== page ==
This kind of praise does at least two things:

It is a reminder to us that God has done great things; and if He has, then He can probably solve our problems.

And while our mind is centered upon God and praising Him, the enemy is much less likely to be active in our thoughts and actions.

Then once God is part of the solution to our problem, we will find other options that we will not fear.

Then, as the psalmist does, we will sing praises of what the Lord has done for us.

Note verses 6-8:

6. Blessed be the Lord,
Who has not given us to be torn by their teeth.

7. Our soul has escaped as a bird out of the snare of the trapper;
The snare is broken and we have escaped.

8. Our help is in the name of the Lord,
Who made heaven and earth.

Yes, God made heaven and the earth, and He also made everything in them.

He even made each and every one of us, and all of the other humans and animals who have feeling just as we do, and who don't want to be enslaved or abused any more than we do.

This is why the psalmist wrote: "Our soul has escaped as a bird out of the snare of the trapper; The snare is broken and we have escaped."

He knew the people would understand the implications and that enslaving any living being is counter to God's will and love.

And God knows the thoughts of our innermost being and the mess we make out of the good things He gave us.

Therefore, doesn't it stand to reason that God could also straighten out the messes we find ourselves in, and the warring we have within us, that takes away our joy?

The Egyptians didn't have any real joy because they didn't have God, and his love in their hearts, and thus they feared.

The Israelites had God with them, even if not within them, and thus, in the face of persecution, they still had joy and multiplied.

Each and every one of us should have the same, but not necessarily to multiply.

But there is another element to our lives that does a good job of keeping us in the battle zone.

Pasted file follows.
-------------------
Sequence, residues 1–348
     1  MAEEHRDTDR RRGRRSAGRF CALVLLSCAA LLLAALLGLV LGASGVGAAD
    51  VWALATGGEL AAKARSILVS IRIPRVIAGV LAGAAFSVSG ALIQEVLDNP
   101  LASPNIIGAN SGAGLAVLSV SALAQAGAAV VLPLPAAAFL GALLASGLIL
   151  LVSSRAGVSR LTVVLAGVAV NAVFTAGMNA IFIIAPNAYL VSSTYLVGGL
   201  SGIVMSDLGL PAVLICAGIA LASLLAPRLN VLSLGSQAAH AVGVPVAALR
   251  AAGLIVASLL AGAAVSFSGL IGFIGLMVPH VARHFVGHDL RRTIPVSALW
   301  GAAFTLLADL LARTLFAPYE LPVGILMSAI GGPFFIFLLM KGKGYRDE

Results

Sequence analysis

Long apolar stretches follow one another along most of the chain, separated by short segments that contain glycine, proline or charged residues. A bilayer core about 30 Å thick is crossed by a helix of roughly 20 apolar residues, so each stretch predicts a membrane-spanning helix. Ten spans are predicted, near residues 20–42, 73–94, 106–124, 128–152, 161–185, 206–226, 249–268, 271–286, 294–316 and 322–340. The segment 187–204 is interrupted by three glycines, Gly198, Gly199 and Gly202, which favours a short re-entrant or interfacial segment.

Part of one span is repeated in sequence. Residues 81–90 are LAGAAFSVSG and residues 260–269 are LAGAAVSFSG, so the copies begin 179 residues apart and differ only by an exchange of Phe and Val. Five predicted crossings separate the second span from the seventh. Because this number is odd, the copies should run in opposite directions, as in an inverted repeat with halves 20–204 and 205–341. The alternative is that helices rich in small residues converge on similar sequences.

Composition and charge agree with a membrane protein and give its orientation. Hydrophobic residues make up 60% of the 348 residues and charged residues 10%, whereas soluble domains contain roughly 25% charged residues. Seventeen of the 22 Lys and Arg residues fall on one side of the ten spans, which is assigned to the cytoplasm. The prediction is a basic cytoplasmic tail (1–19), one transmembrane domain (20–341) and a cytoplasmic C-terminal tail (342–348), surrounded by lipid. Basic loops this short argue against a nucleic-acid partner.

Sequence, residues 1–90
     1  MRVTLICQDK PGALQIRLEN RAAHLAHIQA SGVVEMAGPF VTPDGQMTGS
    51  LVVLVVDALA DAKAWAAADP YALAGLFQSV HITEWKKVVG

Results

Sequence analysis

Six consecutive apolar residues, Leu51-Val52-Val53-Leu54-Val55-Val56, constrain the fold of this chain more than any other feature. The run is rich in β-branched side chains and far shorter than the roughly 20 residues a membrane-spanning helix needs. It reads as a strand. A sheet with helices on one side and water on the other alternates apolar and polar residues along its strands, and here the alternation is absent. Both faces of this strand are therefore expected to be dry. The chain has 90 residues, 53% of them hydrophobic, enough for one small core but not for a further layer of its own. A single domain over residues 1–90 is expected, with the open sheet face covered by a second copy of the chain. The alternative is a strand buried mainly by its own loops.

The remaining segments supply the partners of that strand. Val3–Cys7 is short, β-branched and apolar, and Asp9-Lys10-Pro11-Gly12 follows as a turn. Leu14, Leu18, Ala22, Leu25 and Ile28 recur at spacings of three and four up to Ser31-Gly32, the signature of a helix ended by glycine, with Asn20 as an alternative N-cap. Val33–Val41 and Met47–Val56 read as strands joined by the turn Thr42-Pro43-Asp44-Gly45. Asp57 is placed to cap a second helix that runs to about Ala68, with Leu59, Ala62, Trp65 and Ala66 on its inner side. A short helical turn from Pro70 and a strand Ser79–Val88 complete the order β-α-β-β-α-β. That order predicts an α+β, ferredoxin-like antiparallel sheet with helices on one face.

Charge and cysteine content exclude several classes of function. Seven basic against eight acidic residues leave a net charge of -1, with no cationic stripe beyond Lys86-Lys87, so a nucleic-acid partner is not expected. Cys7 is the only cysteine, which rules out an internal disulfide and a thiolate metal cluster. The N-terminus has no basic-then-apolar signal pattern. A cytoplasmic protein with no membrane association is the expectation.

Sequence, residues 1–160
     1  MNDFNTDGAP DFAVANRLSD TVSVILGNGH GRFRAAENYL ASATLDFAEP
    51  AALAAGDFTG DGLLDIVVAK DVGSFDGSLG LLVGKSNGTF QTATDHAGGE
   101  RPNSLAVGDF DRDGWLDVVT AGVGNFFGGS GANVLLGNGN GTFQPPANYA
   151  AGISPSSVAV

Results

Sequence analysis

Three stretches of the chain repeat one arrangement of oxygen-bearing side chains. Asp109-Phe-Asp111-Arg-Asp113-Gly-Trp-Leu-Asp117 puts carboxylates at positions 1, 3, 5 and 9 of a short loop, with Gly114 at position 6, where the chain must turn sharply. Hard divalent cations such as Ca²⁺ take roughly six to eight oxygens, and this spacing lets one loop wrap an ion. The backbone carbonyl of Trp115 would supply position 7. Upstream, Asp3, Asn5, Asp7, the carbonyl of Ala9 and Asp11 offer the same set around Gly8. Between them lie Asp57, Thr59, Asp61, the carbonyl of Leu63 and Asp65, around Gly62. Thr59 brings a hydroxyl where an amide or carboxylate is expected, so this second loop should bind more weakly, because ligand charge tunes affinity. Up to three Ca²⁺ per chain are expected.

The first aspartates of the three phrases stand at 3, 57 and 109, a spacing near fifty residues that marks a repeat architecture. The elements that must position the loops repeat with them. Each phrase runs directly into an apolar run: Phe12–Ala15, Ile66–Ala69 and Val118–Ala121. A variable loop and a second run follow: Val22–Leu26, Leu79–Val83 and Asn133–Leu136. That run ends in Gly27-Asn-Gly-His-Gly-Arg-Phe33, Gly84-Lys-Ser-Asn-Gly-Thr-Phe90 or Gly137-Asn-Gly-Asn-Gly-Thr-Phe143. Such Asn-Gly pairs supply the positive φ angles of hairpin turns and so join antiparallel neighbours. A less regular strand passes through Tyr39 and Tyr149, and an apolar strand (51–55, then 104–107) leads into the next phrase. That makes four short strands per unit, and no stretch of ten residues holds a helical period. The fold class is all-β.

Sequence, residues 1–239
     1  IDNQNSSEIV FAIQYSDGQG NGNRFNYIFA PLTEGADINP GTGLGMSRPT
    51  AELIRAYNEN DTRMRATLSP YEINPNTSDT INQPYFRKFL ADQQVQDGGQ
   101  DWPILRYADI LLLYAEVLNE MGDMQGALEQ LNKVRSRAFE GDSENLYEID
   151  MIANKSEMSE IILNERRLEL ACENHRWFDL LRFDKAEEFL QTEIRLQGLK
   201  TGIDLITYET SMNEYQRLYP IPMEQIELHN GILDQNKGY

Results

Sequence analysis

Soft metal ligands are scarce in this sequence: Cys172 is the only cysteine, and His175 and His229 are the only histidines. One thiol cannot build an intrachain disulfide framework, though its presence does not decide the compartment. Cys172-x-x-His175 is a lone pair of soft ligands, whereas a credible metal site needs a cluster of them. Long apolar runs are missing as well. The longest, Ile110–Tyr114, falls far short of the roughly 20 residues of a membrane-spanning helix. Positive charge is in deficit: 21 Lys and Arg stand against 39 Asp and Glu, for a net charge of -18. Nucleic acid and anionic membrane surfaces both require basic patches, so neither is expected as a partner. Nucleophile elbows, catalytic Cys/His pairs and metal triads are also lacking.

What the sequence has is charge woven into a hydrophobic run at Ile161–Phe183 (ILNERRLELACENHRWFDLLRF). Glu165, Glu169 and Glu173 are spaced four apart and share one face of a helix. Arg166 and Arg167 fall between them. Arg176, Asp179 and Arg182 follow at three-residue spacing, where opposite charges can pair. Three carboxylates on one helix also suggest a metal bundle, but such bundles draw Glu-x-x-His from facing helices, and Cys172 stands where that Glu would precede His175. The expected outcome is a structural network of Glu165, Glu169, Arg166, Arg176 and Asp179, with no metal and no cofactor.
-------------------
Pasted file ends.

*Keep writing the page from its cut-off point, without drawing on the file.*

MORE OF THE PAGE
It's sin.

It's our personal sins that we have a problem with and which we are really reluctant to wholly give to God.

The apostle Paul had this kind of problem, just like each and every one of us.

The key to our overcoming is in our recognizing it for what it is.

Note what Paul tells us of this war within, as we look at Romans 7:14-25.

14. For we know that the Law is spiritual; but I am of flesh, sold into bondage to sin.

15. For that which I am doing, I do not understand; for I am not practicing what I would like to do, but I am doing the very thing I hate.

Do you hear the war within?

Paul is battling within himself about the things that are of God against those that are not of God.

Listen carefully as we continue, and see how Paul wins the battle:

16. But if I do the very thing I do not wish to do, I agree with the Law, confessing that it is good.

17. So now, no longer am I the one doing it, but sin which indwells me.

18. For I know that nothing good dwells in me, that is, in my flesh; for the wishing is present in me, but the doing of the good is not.

19. For the good that I wish, I do not do; but I practice the very evil that I do not wish.

Note that Paul in not planning the sinful things he does.

He is doing everything within his power to avoid them and to do what he knows to be of God.

And Paul doesn't excuse or condone the sin in his life, which many in the Church are doing today.

Since it is the desire of his heart not to sin, God helps him; for if He didn't, God would never have allowed Paul to write so much of the New Testament, if even any part of it.

As we continue, try to feel within yourself what Paul is feeling:

20. But if I am doing the very thing I do not wish, I am no longer the one doing it, but sin which dwells within me.

21. I feel then the principle that evil is present in me, the one who wishes to do good.

22. For I joyfully concur with the law of God in the inner man,

23. but I see a different law in the members of my body, waging war against the law of my mind, and making me a prisoner of the law of sin which is in my members.

24. Wretched man that I am! Who will set me free from the body of this death?

25. Thanks be to God through Jesus Christ our Lord! So then, on the one hand I myself with my mind am serving the law of God, but on the other, with my flesh the law of sin.

Paul's joy, and his help from the Lord, is coming because he desires to serve the will of God.

He is not playing around with the sinful desires of his flesh within his mind.

He sets his focus on the things of God.

And God will help every one of us to do this, if we truly desire to be freed from sin.

Sin cripples us spiritually and physically.

And since every one of us has sinned, then it is more important for us to desire not to sin and not to continually live in our pet sins, than it is to say that we will never sin again and then go off and do what we said we would never do again. Admit the truth.

Don't put those burdens on yourselves; God doesn't.

Yes, turn away from those things that you can, but desire to leave the others, also.

God really loves us, and he wants only good for us.

If we truly seek Him, we will have the good life, and our fears will go, the warring will become less, and we will have peace and joy.

Amen!

Your Comments are welcome